Ayman and Goldshine first reported comparisons between blood pressures measured in the clinic and at home in 1940. In this report, blood pressures of patients with essential hypertension were obtained through an extensive assessment in the clinic as well as from home blood pressures measured twice daily for several weeks.
Thirty percent of the hypertensive patients exhibited home-derived measures of SBP that were more than 40 mm Hg lower than the clinic-derived measures, and 24 percent of the patients exhibited home-derived measures of DBP that were more than 20 mm Hg lower than clinic-derived DBPs. Across most patients, home-derived measures of blood pressure were substantially lower than clinic-derived measures. Research since that time has underscored the replicability of these findings (Battig et al., 1989; Kleinert et al., 1984; Laughlin, Sherrard, and Fisher, 1980).
In fact, this finding is so robust that some hypertension specialists have suggested establishing a lower blood pressure criterion for considering a diagnosis of essential hypertension (Thijs et al., 1998). Based upon a meta-analysis of 17 studies comparing home and clinic measures of blood pressure in well over 5400 persons, these authors reported that a clinic-derived SBP of 140 mm Hg corresponded to a home-derived SBP of 125 mm Hg, and that a clinic-derived DBP of 90 mm Hg corresponded to a home-derived DBP of 79 mm Hg.
In a second analysis of pooled home blood pressures of over 4500 patients from an international database, Thijs et al. (1999) found that at least 25 percent of hypertensive patients using clinic criteria had self-recorded blood pressures less than 135/85 mm Hg; this finding was particularly evident among patients who underwent fewer than three blood pressure measurements in defining their clinic SBP and DBP. Based upon the results of these two studies, Thijs et al. (1999) suggested that home blood pressure recordings that exceed 135/85 mm Hg should be considered hypertensive.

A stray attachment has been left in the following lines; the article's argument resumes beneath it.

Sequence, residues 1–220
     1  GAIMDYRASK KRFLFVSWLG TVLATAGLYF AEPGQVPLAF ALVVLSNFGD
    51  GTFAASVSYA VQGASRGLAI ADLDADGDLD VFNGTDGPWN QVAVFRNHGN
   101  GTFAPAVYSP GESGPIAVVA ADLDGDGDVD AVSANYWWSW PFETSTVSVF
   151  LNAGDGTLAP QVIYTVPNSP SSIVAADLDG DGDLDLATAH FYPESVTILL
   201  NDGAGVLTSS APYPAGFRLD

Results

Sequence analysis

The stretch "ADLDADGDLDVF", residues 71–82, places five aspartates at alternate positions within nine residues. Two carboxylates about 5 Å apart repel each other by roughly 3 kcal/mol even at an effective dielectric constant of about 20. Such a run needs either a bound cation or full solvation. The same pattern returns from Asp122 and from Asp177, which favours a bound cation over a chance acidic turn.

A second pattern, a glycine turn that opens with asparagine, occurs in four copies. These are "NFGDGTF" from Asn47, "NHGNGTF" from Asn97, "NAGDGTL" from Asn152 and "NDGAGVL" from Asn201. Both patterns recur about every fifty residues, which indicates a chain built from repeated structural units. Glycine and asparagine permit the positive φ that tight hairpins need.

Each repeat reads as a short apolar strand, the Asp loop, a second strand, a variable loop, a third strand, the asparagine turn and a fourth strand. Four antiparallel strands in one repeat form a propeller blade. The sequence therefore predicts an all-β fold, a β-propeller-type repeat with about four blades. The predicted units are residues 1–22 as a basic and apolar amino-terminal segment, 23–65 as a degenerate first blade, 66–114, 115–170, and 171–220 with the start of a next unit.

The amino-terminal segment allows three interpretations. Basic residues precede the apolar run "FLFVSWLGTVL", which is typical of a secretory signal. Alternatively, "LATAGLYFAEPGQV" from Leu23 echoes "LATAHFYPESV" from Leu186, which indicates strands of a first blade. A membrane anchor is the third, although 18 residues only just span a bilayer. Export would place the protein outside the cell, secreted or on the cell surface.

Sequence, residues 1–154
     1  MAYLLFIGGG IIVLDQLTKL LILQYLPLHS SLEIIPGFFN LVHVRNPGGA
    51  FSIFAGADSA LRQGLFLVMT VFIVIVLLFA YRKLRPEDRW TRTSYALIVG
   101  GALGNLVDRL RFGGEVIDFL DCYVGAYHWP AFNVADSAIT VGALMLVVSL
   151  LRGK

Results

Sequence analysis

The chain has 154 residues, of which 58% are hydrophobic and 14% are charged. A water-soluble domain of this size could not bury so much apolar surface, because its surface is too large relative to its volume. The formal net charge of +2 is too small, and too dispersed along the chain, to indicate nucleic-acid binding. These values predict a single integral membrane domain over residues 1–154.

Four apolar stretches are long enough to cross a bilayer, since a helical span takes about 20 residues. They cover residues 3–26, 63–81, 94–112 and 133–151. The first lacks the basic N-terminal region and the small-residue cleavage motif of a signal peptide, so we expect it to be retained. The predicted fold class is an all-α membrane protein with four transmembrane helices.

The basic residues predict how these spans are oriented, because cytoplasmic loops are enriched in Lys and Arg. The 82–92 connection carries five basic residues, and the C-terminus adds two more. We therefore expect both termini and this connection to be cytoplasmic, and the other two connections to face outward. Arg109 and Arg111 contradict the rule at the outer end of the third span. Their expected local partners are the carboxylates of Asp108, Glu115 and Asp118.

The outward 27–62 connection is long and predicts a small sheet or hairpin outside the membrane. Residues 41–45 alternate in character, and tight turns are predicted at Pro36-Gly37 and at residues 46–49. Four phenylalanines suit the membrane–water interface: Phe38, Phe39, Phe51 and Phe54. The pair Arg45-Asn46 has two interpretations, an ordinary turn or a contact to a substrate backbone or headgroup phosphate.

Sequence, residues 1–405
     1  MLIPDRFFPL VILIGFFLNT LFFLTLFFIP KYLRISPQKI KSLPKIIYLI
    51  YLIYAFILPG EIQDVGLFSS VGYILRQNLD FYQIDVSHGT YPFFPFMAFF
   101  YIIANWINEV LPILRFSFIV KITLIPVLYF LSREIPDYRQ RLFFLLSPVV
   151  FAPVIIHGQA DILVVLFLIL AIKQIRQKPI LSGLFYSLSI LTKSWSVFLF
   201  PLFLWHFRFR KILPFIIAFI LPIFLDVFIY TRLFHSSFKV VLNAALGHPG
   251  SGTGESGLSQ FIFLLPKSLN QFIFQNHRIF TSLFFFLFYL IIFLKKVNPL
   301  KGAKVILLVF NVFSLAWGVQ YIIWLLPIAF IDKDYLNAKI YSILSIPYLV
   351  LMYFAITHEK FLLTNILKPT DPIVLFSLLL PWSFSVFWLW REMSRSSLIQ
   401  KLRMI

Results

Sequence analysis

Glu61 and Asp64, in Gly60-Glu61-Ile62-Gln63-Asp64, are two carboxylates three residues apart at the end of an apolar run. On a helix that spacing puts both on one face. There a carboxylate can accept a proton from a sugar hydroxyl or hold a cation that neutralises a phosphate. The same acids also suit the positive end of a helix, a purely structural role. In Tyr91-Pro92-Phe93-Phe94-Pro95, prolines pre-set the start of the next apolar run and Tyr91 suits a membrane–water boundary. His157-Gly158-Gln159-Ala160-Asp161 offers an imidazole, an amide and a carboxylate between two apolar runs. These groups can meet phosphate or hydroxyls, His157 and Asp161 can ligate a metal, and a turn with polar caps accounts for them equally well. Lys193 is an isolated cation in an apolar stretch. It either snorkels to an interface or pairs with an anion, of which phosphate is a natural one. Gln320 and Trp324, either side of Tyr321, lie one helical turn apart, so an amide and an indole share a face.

This suggestion was endorsed by the task force comprised of international experts in blood pressure assessment at the Leuven Consensus Conference on Ambulatory Blood Pressure Monitoring in 1999 (White et al., 1999).
Although office blood pressures are typically higher than those recorded through home self-monitoring, this difference becomes much smaller among persons accustomed to the clinic environment (Welin, Svardsudd, and Tibblin, 1982). For example, Padfield et al. (1987) demonstrated a significant relation between home blood pressures and blood pressure measures obtained on the third clinic visit, a finding which was not apparent during the first two clinic visits.
Therefore, if a slightly lower criterion for home blood pressure monitoring is adopted and the frequency of clinic visits increased, home monitoring can be a valuable tool for obtaining accurate assessments to evaluate and monitor treatment progress.